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Discerning environmental factors affecting current tree growth in Central Europe

Cienciala, Emil, Russ, Radek, Šantrůčková, Hana, Altman, Jan, Kopáček, Jiří, Hůnová, Iva, Štěpánek, Petr, Oulehle, Filip, Tumajer, Jan, Ståhl, Göran
The Science of the total environment 2016 v.573 pp. 541-554
acidity, altitude, atmospheric precipitation, basal area, carbon nitrogen ratio, clay fraction, climate, drought, forest ecosystems, forest stands, forests, landscapes, linear models, pH, potassium chloride, soil chemistry, soil texture, surveys, temperature, tree growth, Central European region, Czech Republic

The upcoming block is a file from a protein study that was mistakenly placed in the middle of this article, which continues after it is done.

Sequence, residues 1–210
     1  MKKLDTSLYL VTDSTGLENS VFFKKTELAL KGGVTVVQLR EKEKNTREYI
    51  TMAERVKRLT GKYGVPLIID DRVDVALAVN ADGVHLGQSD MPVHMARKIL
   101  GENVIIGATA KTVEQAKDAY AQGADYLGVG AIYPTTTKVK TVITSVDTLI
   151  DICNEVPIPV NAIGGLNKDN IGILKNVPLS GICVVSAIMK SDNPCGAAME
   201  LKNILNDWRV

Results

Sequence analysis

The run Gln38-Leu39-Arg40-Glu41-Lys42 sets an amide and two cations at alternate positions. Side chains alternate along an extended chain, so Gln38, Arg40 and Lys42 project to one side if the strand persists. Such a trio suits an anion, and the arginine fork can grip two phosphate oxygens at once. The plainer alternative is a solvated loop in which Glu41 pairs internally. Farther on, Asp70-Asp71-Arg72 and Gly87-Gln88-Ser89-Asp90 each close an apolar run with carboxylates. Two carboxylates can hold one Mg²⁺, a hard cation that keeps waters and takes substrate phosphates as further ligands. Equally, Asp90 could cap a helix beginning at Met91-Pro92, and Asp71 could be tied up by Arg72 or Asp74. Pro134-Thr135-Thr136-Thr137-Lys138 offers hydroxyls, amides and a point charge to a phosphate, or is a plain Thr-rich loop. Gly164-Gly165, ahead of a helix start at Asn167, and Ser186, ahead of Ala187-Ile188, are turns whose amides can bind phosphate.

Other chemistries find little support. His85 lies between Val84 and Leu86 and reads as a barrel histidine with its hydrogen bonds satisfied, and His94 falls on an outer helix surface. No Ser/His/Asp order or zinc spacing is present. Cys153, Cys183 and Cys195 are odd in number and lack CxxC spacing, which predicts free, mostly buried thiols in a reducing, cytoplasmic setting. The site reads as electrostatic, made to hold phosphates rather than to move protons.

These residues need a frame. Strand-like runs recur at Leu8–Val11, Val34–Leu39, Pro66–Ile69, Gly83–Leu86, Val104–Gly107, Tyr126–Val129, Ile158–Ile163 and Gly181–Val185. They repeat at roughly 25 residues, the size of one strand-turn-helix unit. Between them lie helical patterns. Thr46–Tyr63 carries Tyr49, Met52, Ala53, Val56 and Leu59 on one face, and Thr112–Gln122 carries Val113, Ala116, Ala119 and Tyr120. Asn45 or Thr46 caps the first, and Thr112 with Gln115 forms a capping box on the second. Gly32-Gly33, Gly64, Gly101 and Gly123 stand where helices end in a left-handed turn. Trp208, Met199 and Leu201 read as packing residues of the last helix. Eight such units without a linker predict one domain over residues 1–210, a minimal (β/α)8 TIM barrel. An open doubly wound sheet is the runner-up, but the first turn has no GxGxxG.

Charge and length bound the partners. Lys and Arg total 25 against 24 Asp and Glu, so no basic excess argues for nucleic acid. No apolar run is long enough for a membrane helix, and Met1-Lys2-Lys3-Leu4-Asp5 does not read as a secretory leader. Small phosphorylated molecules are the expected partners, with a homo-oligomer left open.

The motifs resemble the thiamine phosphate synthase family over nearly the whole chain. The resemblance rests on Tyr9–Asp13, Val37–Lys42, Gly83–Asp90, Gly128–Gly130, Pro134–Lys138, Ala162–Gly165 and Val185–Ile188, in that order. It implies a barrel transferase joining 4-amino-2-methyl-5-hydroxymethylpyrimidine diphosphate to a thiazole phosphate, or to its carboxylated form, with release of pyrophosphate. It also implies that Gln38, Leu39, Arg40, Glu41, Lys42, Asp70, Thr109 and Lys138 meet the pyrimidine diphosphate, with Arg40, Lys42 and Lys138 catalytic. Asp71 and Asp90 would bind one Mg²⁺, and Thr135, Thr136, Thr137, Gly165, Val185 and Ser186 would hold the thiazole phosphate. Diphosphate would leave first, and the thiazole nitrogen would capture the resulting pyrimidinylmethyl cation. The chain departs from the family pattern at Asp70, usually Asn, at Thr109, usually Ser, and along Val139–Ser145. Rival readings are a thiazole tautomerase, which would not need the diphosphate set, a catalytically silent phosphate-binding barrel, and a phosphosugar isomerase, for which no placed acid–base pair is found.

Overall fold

We examined the effect of individual environmental factors on the current spruce tree growth assessed from a repeated country-level statistical landscape (incl. forest) survey in the Czech Republic. An extensive set of variables related to tree size, competition, site characteristics including soil texture, chemistry, N deposition and climate was tested within a random-effect model to explain growth in the conditions of dominantly managed forest ecosystems. The current spruce basal area increment was assessed from two consecutive landscape surveys conducted in 2008/2009 and six years later in 2014/2015. Tree size, age and competition within forest stands were found to be the dominant explanatory variables, whereas the expression of site characteristics, environmental and climatic drives was weaker. The significant site variables affecting growth included soil C/N ratio and soil exchangeable acidity (pH KCl; positive response) reflecting soil chemistry, long-term N-deposition (averaged since 1975) in combination with soil texture (clay content) and Standardized Precipitation Index (SPI), a drought index expressing moisture conditions. Sensitivity of growth to N-deposition was positive, although weak. SPI was positively related to and significant in explaining tree growth when expressed for the growth season. Except SPI, no significant relation of growth was determined to altitude-related variables (temperature, growth season length). We identified the current spruce growth optimum at elevations about 800ma.s.l. or higher in the conditions of the country. This suggests that at lower elevations, limitation by a more pronounced water deficit dominates, whereas direct temperature limitation may concern the less frequent higher elevations. The mixed linear model of spruce tree growth explained 55 and 65% of the variability with fixed and random effects included, respectively, and provided new insights on the current spruce tree growth and factors affecting it within the environmental gradients of the country.